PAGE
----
Role of Women - The role of women is a huge theme in House on Mango Street, even in the early vignettes. Today's lesson focused on "Marin" and "Alicia Who Is Afraid of Mice" and my eighth graders compared/contrasted the two girls and related their stories to the already existing theme of the degradation of Mexican women.
Wolves Project – Writing Help - Today my sixth graders were continuing with their notes for the Wolves Research Project. Many of them were finished and looking to move towards their project-making, but before that, my co-teacher and I wanted them to write. To make things easier for them to understand, I created a new Google Document to help them stay organized and get a better grasp on the writing part of the project.
Emails Home - Communication with parents is huge, and when one of my eighth graders was gone for a week, I made sure to get involved with not only him, but his parents to catch him up on things he missed.
Text-to-World Connections - As my Book Club students grasped text-to-self connections, it was time to move to text-to-world. To help them understand this, I created a PowerPoint/Google Presentation and walked through it with them.
Connecting to Novel Characters - Making connections while reading is hard! That's why I created this resource to help not only my struggling readers in Book Club, but for for any struggling reader or young reader (fifth grade through eighth grade).
Learning Targets & Lesson Planning - At the start of every week, I post our plan and learning targets. Sometimes these targets even change daily! This is a simple way I plan for my classes, keep students aware of the weekly objectives, and make the learning relevant.
“Louie, His Cousin and His Other Cousin” – Report Writing - Today my eighth graders read "Louie, His Cousin, and His Other Cousin." In this vignette, we're introduced to a family of cousins that live on Esperanza's block (one of which is Marin, the oldest, who we will talk about tomorrow!) and one of them is the unnamed cousin who one day shows up with a brand new, shiny, yellow car.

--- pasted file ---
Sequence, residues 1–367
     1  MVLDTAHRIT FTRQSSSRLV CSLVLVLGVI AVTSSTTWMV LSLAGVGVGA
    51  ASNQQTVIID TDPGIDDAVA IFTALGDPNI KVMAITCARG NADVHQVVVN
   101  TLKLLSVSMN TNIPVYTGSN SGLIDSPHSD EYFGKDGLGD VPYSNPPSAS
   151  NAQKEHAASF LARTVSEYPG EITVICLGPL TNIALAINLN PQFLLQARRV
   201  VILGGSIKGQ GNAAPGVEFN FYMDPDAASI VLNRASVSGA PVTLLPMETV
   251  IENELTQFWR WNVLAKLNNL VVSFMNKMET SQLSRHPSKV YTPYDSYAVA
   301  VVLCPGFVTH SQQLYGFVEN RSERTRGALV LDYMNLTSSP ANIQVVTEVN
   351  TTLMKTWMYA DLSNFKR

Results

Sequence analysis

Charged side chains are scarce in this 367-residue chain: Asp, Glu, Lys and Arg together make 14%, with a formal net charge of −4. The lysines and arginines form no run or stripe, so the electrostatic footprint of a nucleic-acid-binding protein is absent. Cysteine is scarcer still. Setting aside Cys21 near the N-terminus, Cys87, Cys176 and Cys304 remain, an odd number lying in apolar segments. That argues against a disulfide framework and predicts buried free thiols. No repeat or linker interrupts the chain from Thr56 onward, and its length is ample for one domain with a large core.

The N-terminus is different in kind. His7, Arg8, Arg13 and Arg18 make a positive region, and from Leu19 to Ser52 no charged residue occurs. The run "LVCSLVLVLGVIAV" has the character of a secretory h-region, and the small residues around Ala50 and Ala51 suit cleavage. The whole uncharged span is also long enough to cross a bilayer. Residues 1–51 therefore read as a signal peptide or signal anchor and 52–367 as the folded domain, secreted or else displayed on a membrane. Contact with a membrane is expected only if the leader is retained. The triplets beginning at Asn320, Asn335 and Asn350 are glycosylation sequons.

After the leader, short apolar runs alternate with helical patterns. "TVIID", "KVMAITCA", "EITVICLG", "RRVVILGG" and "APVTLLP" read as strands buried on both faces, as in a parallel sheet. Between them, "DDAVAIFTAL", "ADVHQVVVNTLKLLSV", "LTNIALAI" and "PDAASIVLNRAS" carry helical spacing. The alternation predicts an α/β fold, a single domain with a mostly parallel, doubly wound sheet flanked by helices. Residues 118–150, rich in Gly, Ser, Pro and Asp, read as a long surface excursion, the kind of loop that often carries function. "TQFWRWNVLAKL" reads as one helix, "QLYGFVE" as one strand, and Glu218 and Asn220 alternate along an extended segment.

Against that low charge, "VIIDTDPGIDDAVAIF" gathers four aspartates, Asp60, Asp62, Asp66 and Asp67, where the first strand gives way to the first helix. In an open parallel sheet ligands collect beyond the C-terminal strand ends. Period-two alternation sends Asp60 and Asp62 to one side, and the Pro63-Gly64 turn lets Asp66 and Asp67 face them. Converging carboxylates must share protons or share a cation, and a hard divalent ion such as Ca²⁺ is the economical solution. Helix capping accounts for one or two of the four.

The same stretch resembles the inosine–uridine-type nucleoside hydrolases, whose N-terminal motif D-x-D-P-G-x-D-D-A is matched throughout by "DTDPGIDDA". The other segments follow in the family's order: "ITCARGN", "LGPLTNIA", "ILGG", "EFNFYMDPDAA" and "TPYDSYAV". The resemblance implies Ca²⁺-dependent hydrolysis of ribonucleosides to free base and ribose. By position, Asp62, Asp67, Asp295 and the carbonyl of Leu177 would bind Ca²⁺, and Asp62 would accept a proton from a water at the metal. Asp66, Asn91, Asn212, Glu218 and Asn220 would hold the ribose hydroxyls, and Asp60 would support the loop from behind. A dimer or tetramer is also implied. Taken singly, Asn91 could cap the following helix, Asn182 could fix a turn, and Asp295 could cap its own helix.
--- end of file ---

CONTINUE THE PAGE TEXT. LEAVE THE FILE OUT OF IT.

My Grading Process - Standards-Based Grading can be crazy, but it's something been completely thrown into and have to accept 🙂 It's not so bad on the teacher end once you get started with it. It's just very individualized. And can be quite a lot of work.
What Does Friendship Mean to Me? - Today I had my eighth graders focus on the idea of friendship--What is friendship? What does friendship mean to us? What defines a solid friendship?--I had my students write their ideas all over the white board in a silent-discussion format and then we talked through them.
Wolves Research Project - Piggy-backing off of the previous research activity I did with my sixth graders for practice, the Adopt a Pet, I started this week with a Wolves Research Project.
Monster in the Barn - For Book Club, I'm always looking for good resources to help my students make connections to their reading. I came across this great source from ReadWorks, and I created two sets of questions to correspond and help with text-to-self and text-to-world connections!
Dear Mom and Dad - To help my sixth graders understand how to research and get some practice before their assessment on informative/explanatory writing, I had them work on the Adopt a Pet project, where they had to research an animal of their choice, take notes, and then draft a letter to their parents/guardians about why they should buy that pet!
Poetry Connections - Making text-to-self connections can be pretty simple when you're working with a story, explanatory text, or short passage. Poetry, on the other hand, can be a challenge. That's why I wanted to specifically work on this with my Book Club students.
The Super Short Week (Week 11 Reflection) - This week was the shortest week in history! We didn't have school on Wednesday because our high school volleyball team made it to state (hooray!) and then we had off on Friday because of conferences on Monday and Tuesday
“My Name/My Family Crest” - How can I connect students and their home lives to House on Mango Street? The answer is a family crest, giving students the opportunity to learn more about their unique cultures and connecting their lives to the life of the main character, Esperanza.
What is Dugout? - Dugout is a program put into place on Fridays at Forest City Middle School. The focus is to promote relationships between students and teachers outside of the curriculum.
Adopt a Pet Activity - Once my students moved from their How Do I Research? introduction presentation to The C.R.A.P. Test worksheet to help them find credible sources to gather notes from, they were finally ready to take notes! Yay!
The CRAP Test (And Notes) - I introduced my students to their research project, 'Adopt a Pet,' where they would choose an animal to research, collect two legitimate websites, take notes (in their own words) and write a short letter to their parents/guardians, convincing them to buy that animal as a pet!
How Do I Research? - My sixth graders are going to begin a short research activity to prepare them for a larger research project on wolves the following two weeks. For this short research activity, I wanted them to research about an animal that they would want to have as a pet...but before doing that, I knew I needed them to understand how to research and how to find credible sources.